House of Representatives Speech- Isaacs Electorate: Community Services 2010

I rise to speak about my recent visits to two important locations in my electorate that offer assistance to people in our local community, the Lyrebird Community Centre in Carrum Downs and Wellsprings for Women in Dandenong. The Lyrebird Community Centre runs many valuable programs for the local Carrum Downs and Skye community, offering child care and a wide range of classes, meeting spaces and youth activities. It also hosts annual events like the Christmas festival and carols by candlelight, which last year drew 4,000 people to celebrate the yuletide festivities.

I rise to speak about my recent visits to two important locations in my electorate that offer assistance to people in our local community, the Lyrebird Community Centre in Carrum Downs and Wellsprings for Women in Dandenong. The Lyrebird Community Centre runs many valuable programs for the local Carrum Downs and Skye community, offering child care and a wide range of classes, meeting spaces and youth activities. It also hosts annual events like the Christmas festival and carols by candlelight, which last year drew 4,000 people to celebrate the yuletide festivities.

When I went to Lyrebird a few weeks ago the centre manager, Fiona Dannock, who provides excellent leadership to the centre, showed me through some of the classes, including a class taking the certificate of general education. This class was made up of people for whom English was a second language, or in some cases a third or a fourth language, and they were taught general life skills—from the basics of filling out forms to how to speak better English. Participants came from all over the world, but there was a very strong spirit and camaraderie among the group. I was very touched as the class performed two beautiful songs for me, before we discussed some of the stories of the remarkable lives of this group of mostly women. It was fantastic to hear from the students that the two teachers of the class, Judy Treloggan and Jenny Brown, were very patient, helpful and extremely respected. Some students told me that this was the first time in many years that they had made real progress with English.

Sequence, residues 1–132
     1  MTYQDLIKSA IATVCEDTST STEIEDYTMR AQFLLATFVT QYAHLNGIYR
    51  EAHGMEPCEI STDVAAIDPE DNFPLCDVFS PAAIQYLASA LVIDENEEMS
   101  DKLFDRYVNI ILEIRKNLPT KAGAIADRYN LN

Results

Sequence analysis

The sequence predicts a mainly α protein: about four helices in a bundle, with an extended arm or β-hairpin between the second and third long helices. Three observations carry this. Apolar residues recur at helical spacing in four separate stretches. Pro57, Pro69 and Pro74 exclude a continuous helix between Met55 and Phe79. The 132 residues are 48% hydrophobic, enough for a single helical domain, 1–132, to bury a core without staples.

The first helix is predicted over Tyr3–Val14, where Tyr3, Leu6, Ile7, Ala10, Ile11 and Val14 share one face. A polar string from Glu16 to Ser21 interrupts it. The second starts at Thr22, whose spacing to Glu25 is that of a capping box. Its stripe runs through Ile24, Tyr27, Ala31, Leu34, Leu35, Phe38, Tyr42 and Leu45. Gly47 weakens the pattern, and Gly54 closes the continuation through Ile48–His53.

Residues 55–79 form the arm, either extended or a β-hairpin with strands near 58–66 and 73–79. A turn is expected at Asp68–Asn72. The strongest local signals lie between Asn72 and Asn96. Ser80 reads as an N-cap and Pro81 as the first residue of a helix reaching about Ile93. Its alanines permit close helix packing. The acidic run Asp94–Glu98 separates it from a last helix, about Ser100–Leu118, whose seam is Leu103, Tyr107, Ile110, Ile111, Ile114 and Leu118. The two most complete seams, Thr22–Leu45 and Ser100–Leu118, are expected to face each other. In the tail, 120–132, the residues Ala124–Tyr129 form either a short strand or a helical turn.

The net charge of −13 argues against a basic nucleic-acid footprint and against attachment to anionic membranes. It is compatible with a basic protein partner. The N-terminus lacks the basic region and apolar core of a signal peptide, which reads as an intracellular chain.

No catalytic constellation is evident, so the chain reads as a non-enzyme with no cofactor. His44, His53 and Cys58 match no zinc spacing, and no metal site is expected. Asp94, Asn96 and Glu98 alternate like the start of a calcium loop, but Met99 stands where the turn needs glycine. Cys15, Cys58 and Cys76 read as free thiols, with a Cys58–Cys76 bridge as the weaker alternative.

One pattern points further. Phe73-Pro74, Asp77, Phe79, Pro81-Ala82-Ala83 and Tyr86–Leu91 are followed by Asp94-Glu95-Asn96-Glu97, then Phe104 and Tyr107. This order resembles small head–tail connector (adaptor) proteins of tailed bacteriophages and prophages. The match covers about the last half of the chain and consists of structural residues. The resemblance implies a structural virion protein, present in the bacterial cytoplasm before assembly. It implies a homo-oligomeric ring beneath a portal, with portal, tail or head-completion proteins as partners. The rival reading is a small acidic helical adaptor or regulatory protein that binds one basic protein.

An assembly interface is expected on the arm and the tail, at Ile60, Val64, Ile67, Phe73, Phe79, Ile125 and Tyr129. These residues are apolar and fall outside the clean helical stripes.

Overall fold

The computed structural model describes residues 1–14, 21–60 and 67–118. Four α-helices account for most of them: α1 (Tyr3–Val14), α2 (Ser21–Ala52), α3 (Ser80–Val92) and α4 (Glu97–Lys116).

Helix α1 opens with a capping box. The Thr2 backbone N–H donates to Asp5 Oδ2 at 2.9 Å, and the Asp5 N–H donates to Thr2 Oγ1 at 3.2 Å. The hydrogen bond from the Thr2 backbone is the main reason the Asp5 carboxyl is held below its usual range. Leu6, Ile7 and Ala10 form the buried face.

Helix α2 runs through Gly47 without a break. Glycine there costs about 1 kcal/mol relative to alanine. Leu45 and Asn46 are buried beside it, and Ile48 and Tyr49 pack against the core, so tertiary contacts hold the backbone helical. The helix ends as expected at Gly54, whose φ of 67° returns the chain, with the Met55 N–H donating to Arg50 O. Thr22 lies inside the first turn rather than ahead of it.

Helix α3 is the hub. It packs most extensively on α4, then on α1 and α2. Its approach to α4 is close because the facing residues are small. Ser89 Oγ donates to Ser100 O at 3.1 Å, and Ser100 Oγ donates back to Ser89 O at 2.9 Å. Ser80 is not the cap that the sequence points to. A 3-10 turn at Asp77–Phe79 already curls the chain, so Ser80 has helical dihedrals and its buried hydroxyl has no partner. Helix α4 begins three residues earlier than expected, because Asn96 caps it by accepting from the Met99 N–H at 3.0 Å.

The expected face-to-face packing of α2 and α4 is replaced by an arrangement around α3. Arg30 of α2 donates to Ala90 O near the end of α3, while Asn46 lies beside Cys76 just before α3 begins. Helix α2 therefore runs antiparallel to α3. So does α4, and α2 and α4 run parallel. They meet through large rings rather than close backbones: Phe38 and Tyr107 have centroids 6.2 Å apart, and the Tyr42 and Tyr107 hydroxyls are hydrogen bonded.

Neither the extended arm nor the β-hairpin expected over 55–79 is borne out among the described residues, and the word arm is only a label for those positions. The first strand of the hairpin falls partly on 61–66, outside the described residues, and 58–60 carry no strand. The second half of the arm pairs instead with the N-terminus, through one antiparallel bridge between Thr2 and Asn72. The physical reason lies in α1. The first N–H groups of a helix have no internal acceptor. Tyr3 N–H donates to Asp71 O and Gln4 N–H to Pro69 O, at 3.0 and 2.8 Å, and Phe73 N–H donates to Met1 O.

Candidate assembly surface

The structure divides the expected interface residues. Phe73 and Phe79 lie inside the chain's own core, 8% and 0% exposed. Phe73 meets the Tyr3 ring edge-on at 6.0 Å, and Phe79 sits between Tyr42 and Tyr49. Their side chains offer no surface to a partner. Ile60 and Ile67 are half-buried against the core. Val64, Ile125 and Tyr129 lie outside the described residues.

Classes like this are important to build the confidence of people in our society who otherwise might feel somewhat isolated or uncomfortable undertaking certain tasks. Some students told me they had recently lost their long-time partners and had had to develop skills that they once relied on their partners for. It is my hope that the program can continue to be accessible and assist those in the local community who can benefit from the support and educational experience that this course offers.

While at Lyrebird I dropped in on the Carrum Downs Senior Citizens group, which meets every Tuesday at the centre to play bingo, shoot pool, sell homemade produce—and I must admit that I took home a jar of tasty cumquat jam—and go out on trips. Last year I hosted a seniors morning tea at Lyrebird. It was fantastic to see the centre supporting the lively seniors community in the Carrum Downs area. I was told that some members loved the Tuesday sessions at Lyrebird so much that they continued to come even after having moved away from the local area to places like Mentone.

Earlier that day I went to the Wellsprings for Women centre, on Langhorne Street in Dandenong, to get an update on how the centre was assisting migrant women settle into Australian society. Veronica Hassett, who runs the program with the help of several dedicated staff and volunteers, showed me through the centre, which aims to support women and provide women from migrant communities with a comfortable setting to learn about Australia, the English language and skills that they can use at home or in the community. Wellsprings for Women operates from an ordinary suburban house, which is close to the centre of Dandenong and is a far preferable location—a much more comfortable location—than it would be if Wellsprings for Women were to operate from an office building. It was great to see at the centre so many of the women with their young children. It really gave the place a strong community feeling and will help the children with their own language skills and personal development.

On the day I visited some of the women and children were celebrating their birthdays, so the entire staff and participation group gathered with several cakes to sing Happy Birthday in several different languages—some of them from Africa, some from South Asia and some from Afghanistan—before singing Happy Birthday in English. It was explained to the women why in Australia we celebrated with birthday cakes and that in Australia people kept a close watch on their age, while the children were taught to blow out candles on the cake and told that they got to make a wish. These may seem like very basic things, but these exercises help these women and children learn about Australian culture in a respectful and fun way and can only benefit them and their families in becoming more settled in their new home. I hope that Wellsprings for Women are able to continue their excellent work for many years to come in the very convenient and comfortable location that they have had now for some years in central Dandenong.